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The shape of a classic piece of diamond rough is called an “octahedron.” Imagine two 4-sided pyramids stuck together at their bases.
Typically, that piece of rough is sawed into two pieces which are each then made into polished diamonds.
Off Center Cuts
Since diamonds jump in price exponentially with increased weight (well, not exactly, but see here for an explanation of diamond pricing), it makes more economic sense to saw that octahedron not down the middle, but just off center.
Then the center of that piece of rough becomes the girdle of the larger polished diamond. (see Figure 2)
Don’t worry, there’s a reason why I’m boring you with all these details. Take a look at Figure 2. Try to imagine what the rough looks like after it’s been sawed through the plane represented by the black line. What diamond cut (shape) does it look like?
If you guessed Princess cut, you’d be correct. A princess cut is really just a slightly faceted sawed diamond crystal. It was invented not for its beauty, but in order to minimize loss of diamond material.
A Princess cut can easily have a yield percentage of rough of 80-90% Compare this with a round diamond (represented by the purple diamond in Figure 3) that will at best have a yield percentage of rough of about 40%.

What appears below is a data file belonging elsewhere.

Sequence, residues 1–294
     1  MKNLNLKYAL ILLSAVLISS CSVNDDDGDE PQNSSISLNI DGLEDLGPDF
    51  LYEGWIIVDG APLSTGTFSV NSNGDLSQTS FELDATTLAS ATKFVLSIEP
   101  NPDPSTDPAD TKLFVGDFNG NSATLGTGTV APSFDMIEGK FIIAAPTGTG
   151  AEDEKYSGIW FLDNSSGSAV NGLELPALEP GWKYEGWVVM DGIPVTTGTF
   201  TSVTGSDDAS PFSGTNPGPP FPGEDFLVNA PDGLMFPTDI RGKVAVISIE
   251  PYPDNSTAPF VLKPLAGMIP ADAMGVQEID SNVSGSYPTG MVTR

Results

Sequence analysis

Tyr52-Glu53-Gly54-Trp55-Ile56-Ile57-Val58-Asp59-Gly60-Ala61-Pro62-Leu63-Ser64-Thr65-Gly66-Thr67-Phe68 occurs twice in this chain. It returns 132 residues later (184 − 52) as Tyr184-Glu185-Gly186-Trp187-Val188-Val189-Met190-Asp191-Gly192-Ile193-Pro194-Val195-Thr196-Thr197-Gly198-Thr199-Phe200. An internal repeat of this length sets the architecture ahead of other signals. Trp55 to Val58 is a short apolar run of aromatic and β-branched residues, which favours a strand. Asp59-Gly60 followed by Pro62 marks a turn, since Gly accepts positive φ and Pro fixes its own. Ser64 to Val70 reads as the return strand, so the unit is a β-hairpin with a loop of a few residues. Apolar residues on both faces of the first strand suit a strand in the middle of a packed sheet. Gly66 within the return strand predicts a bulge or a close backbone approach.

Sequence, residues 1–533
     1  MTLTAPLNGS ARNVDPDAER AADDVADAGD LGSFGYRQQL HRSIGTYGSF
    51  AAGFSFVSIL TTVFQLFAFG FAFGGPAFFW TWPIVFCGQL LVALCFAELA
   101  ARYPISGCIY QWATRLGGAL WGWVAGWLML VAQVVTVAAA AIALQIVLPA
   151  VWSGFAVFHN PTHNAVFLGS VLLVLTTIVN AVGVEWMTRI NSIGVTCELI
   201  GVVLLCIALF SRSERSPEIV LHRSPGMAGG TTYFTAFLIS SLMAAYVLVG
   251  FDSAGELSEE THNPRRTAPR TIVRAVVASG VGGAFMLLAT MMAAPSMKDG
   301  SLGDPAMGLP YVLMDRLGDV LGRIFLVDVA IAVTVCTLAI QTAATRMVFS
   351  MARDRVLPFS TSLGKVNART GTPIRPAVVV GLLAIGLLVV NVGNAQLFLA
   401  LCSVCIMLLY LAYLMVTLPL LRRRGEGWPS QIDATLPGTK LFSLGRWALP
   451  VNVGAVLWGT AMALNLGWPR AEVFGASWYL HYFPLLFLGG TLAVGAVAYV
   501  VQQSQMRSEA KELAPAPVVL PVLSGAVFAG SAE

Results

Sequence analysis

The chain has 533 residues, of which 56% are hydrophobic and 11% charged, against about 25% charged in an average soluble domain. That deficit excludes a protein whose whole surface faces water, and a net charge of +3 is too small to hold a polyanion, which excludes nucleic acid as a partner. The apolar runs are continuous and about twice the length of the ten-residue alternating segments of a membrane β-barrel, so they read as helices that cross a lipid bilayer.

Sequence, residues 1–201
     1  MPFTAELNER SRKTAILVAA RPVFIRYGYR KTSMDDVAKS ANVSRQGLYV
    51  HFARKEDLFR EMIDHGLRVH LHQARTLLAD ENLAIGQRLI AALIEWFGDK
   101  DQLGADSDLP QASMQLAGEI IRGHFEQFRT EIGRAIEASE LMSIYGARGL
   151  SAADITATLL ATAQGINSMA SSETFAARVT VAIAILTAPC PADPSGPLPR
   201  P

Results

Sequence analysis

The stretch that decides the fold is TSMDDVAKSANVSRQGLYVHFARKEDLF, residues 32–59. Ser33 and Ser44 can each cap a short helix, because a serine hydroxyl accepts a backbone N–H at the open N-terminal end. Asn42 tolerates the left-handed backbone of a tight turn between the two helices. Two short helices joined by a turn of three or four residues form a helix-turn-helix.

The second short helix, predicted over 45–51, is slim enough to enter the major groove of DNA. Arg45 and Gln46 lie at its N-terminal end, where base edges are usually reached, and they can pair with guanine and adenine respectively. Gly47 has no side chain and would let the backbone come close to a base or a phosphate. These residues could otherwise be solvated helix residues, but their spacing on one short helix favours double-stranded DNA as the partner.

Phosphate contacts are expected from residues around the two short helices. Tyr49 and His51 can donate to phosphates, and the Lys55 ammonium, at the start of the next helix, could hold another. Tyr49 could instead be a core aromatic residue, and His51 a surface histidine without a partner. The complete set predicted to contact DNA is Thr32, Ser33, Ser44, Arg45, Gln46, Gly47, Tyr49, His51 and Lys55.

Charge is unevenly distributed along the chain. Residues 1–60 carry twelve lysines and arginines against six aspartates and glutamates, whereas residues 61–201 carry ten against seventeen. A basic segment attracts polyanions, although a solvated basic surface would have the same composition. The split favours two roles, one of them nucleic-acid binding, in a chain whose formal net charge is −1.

For diamond crystals with less than perfectly formed corners, the cutter might choose a radiant cut or asscher cut. For diamond crystals that are slightly more rectangular, the diamond cutter will choose a rectangular shape, such as an Emerald cut.
Some naturally occurring diamond crystals look like flat triangles. That’s how the Trillion, Heart shape, and Pear Shape diamonds were born.
Anyway, you get the idea. With the exception of the Round Brilliant Cut, all the others were created to maximize polishing yield in different naturally occurring crystal formations.
In terms of popularity, Round Brilliant Cuts are by far the most popular shape. After rounds, princess cuts are the most popular. After princess, the numbers drop pretty steeply.
I found this interesting chart at Jogia Diamond’s blog. They accumulated this data through their diamond search feature on their website. The proportions are for diamonds searched, not diamonds sold.
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